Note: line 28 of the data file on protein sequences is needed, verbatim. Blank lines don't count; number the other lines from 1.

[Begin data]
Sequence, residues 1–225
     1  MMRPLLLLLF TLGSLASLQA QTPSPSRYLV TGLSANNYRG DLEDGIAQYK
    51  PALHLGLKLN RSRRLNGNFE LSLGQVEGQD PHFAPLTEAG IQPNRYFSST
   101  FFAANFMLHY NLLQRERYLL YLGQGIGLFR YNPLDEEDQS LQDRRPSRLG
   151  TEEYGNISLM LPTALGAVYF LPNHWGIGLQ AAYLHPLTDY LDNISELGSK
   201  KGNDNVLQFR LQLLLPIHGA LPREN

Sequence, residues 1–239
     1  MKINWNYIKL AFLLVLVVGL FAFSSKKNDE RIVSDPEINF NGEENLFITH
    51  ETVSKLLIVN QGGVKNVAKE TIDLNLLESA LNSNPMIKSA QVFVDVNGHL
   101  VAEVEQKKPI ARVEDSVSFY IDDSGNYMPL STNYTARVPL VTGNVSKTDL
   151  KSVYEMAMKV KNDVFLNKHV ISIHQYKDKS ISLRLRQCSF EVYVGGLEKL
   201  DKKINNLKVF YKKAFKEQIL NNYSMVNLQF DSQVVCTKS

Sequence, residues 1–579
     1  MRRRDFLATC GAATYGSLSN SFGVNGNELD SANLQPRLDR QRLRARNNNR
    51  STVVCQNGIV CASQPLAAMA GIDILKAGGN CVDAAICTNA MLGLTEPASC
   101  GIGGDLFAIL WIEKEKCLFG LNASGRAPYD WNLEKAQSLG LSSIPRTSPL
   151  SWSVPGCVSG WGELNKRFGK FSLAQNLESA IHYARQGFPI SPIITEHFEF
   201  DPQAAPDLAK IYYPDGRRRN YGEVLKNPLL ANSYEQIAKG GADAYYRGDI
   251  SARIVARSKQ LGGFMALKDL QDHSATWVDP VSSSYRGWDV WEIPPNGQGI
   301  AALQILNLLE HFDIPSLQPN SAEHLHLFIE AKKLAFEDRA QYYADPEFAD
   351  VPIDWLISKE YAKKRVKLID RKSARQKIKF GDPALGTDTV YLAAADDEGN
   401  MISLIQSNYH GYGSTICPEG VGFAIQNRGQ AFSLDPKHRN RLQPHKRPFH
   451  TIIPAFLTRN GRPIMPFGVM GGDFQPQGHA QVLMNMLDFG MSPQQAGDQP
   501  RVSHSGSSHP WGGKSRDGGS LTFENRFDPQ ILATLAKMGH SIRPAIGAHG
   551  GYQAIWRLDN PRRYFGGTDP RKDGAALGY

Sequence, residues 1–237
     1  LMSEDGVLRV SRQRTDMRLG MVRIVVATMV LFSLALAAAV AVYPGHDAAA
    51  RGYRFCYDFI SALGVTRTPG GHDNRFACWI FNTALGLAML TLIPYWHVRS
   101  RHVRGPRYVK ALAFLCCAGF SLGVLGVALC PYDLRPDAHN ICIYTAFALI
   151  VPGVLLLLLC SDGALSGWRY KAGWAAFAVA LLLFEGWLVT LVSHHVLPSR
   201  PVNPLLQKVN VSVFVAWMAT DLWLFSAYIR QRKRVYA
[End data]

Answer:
    51  RGYRFCYDFI SALGVTRTPG GHDNRFACWI FNTALGLAML TLIPYWHVRS